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Sherlock still committed to signing 'imminent' copyright law

Sean Sherlock says he remains committed to implementing new laws, but is “personally” willing to consider primary legislation.

JUNIOR INNOVATION MINISTER Seán Sherlock has said he remains committed to implementing new internet copyright legislation – but has said he is personally willing to bring forward full primary legislation, which would allow for full Oireachtas debates.

Speaking in the Dáil this afternoon, Sherlock insisted that as a member state of the European Union, Ireland needed to implement the copyright directives laid down by the EU, which allowed copyright holders to take measures to ensure their intellectual property was not being infringed.

The minister assured independent TD Catherine Murphy, who had raised the matter during the Dáil’s ‘topical issues’ time, that this right was “not superior to the right of the individual user” to use the internet, nor the right of an internet service provider to conduct their business.

An Internet Service Provider (ISP) could not be asked to monitor all the data of each of its customers in order to prevent copyright infringement, Sherlock said, referring to a recent European Court of Justice ruling.

“Nobody wants to limit the freedoms of the internet – it is counter-intuitive,” Sherlock said. “We live in a democracy.”

Sherlock said the introduction of the statutory instrument – a form of law which can be enacted without the need for Oireachtas approval – was “imminent” and that he understood it would be discussed at cabinet next week.

The minister said he was “personally” not opposed to the idea of introducing a full Bill to try and legislate for the issue, but argued that any government would be unable to legislate properly unless copyright holders and ISPs came together “in an organic fashion” to agree a common platform.

This is not SOPA legislation. Absolutely not. What this is is a restatement of what the Irish government held to be the case anyway, in relation to copyright.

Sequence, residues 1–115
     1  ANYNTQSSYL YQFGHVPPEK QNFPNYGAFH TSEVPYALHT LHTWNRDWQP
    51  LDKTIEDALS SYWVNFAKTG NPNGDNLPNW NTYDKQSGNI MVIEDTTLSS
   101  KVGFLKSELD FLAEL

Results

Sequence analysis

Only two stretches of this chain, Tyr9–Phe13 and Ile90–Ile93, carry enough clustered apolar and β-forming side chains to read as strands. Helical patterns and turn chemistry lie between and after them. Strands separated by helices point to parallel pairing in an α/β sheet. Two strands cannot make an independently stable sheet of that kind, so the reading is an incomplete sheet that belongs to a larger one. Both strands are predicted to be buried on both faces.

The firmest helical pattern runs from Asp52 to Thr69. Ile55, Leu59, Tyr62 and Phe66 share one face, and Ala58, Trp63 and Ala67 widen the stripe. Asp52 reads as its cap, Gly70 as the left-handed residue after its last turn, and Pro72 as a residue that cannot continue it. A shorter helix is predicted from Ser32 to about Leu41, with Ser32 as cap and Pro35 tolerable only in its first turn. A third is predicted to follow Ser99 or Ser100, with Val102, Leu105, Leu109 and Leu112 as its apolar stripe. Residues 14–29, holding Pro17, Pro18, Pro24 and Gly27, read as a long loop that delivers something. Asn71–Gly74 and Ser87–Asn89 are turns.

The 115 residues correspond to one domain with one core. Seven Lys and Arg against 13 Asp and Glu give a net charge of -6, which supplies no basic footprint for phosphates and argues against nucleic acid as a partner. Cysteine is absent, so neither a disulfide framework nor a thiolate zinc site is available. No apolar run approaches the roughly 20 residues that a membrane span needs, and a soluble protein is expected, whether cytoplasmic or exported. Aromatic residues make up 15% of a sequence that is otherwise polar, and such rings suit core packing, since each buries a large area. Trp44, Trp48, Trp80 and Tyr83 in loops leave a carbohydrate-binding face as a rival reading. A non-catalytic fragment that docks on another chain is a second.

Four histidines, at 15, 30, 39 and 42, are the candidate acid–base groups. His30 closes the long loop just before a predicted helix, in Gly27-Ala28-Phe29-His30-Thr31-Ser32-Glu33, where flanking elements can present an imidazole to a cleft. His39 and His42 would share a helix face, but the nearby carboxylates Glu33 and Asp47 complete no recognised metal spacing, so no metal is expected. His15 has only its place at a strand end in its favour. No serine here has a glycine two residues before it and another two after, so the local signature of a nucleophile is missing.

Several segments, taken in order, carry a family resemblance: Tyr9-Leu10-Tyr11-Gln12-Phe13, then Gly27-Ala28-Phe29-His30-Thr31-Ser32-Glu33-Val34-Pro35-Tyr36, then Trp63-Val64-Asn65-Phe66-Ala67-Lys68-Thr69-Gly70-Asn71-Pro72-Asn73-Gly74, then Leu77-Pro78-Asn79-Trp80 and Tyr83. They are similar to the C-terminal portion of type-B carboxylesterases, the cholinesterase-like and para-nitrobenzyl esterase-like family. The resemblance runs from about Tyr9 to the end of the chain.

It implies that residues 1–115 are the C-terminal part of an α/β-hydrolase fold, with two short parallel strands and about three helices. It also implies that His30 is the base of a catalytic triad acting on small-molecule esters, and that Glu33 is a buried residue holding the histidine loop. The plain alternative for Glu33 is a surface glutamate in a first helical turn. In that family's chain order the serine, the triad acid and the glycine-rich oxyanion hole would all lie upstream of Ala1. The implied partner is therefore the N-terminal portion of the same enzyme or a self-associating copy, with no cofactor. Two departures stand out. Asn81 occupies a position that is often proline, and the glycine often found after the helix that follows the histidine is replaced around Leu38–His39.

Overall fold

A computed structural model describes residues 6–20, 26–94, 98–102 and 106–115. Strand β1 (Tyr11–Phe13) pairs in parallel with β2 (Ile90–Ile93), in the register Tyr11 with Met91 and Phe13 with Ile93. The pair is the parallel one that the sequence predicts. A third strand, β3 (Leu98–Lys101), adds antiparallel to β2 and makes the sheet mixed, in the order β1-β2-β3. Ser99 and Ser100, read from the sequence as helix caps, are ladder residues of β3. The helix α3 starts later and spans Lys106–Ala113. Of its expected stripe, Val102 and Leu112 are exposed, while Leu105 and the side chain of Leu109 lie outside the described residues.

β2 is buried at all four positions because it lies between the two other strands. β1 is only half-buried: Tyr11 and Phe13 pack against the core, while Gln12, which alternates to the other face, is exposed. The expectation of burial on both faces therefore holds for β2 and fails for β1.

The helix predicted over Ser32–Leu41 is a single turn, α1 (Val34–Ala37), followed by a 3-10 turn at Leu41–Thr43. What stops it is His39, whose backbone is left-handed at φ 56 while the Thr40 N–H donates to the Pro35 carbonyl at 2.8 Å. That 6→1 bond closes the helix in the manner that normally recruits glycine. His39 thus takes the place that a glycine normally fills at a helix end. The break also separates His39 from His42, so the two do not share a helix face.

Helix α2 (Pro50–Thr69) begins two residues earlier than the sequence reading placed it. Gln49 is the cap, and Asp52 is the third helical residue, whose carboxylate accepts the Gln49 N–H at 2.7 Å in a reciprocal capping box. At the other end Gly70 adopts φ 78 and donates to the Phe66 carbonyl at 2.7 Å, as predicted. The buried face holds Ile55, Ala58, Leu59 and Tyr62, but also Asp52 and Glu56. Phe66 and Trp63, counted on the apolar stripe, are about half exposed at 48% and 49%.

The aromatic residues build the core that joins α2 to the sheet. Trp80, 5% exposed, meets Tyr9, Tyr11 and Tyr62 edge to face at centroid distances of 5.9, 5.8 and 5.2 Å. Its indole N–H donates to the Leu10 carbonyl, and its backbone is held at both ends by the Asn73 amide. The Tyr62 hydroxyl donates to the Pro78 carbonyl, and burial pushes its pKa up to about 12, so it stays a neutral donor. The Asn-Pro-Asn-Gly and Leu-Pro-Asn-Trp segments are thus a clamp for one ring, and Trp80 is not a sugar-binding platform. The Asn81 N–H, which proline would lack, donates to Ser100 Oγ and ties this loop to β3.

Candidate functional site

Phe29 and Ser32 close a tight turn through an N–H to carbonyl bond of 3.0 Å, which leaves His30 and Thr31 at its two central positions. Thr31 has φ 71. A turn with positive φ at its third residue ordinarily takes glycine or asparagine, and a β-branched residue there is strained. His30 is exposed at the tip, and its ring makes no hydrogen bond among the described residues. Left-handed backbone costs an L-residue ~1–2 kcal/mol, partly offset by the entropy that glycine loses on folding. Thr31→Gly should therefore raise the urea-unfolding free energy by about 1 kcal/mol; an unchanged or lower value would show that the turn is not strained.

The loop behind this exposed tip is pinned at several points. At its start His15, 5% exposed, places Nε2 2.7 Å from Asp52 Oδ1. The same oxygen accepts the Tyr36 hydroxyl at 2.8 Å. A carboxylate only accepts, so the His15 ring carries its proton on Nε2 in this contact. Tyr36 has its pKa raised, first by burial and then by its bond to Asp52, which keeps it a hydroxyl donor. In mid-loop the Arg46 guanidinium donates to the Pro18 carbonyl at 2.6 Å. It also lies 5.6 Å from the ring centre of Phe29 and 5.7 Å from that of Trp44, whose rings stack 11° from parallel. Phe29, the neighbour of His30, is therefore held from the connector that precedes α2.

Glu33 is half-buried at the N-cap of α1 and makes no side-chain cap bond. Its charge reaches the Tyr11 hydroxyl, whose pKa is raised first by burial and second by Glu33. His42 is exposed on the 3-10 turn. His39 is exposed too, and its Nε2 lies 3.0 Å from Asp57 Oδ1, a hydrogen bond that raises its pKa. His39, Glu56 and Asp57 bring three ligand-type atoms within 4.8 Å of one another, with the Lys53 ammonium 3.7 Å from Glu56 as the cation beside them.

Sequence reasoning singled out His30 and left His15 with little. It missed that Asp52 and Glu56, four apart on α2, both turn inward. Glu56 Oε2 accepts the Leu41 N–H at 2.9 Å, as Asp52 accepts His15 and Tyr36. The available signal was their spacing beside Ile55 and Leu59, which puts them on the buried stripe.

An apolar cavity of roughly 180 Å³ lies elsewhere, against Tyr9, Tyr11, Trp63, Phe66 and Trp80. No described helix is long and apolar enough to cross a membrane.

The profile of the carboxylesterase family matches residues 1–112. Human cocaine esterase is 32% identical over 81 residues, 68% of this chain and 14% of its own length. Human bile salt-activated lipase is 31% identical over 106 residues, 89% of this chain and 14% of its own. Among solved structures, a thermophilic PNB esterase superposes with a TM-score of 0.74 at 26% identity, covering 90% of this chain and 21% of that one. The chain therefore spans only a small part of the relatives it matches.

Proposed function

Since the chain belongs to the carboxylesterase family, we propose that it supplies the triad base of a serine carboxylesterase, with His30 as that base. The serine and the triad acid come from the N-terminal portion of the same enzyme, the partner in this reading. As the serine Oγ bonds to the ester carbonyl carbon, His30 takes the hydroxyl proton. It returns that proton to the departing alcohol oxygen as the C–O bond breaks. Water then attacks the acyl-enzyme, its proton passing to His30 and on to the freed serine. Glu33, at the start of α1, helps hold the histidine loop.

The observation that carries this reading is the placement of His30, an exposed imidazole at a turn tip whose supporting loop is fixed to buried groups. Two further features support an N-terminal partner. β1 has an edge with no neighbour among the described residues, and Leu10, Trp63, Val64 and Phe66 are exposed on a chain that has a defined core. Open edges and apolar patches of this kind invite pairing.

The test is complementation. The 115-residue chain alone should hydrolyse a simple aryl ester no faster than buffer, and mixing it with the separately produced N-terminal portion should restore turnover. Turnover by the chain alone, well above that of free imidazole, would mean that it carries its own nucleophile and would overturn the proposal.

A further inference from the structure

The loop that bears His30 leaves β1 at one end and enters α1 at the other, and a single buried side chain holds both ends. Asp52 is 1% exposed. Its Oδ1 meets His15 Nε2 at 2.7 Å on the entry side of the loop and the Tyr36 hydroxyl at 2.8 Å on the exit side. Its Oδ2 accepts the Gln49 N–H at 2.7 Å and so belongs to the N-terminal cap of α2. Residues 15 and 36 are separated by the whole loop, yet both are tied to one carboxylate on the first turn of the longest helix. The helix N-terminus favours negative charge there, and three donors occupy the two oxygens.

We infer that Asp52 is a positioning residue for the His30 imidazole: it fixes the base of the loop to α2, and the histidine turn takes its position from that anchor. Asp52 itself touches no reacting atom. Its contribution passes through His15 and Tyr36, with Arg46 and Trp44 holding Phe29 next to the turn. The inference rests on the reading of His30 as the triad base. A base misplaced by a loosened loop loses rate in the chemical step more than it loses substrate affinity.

The government’s push for new legislation is required after the High Court last year ruled that Irish law did not provide copyright holders with the ability to seek an injunction stopping inappropriate access to their material online. This is in contravention with an EU directive.

‘Pretty vague language’

Catherine Murphy had opened the debate by saying the “pretty vague language” of Sherlock’s draft legislation had caused “serious concerns for the established online freedoms in Ireland.”

The language was “open-ended” and did not give judges “any instructions by way of legislation that will set boundaries”.

Murphy argued that the current wording would give a court the power to “block a site where any user had even linked to copyrighted material… it’s entirely up to the courts, the grounds under which an injunction can be granted.”

Murphy added that Ireland was “about to have a hurricane storm” if the difficulties were not ironed out. “If this Topical Debate is the start and end of this debate, it will be absolutely deficient,” she said. “We need to have a debate, and we need to have debate within the next week, on this.”

The Kildare North TD said there appeared to be a contradiction between Sherlock’s desire not to give courts the power to enforce unlimited blocking of websites, but still offer the ability to grant injunctions which could do just that.

There is a very important and strong need to have a complete clarification, before any statutory instrument is signed – because this has the potential, because of its vagueness, of doing damage.

TJ McIntyre of Digital Rights Ireland, which opposes the current format of the proposals, said the new draft published today showed “no substantive change” that he could see.

He argued that the new draft shows how the concerns of his group, as well as those of ISPs and the telecoms industry “have all been ignored”.

Watch: Today’s Dáil discussion on the controversial ‘Irish SOPA’

In full: Seán Sherlock’s draft proposals for online copyright law

Read: Ireland’s ‘SOPA’ legislation: The big arguments for and against

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Gavan Reilly

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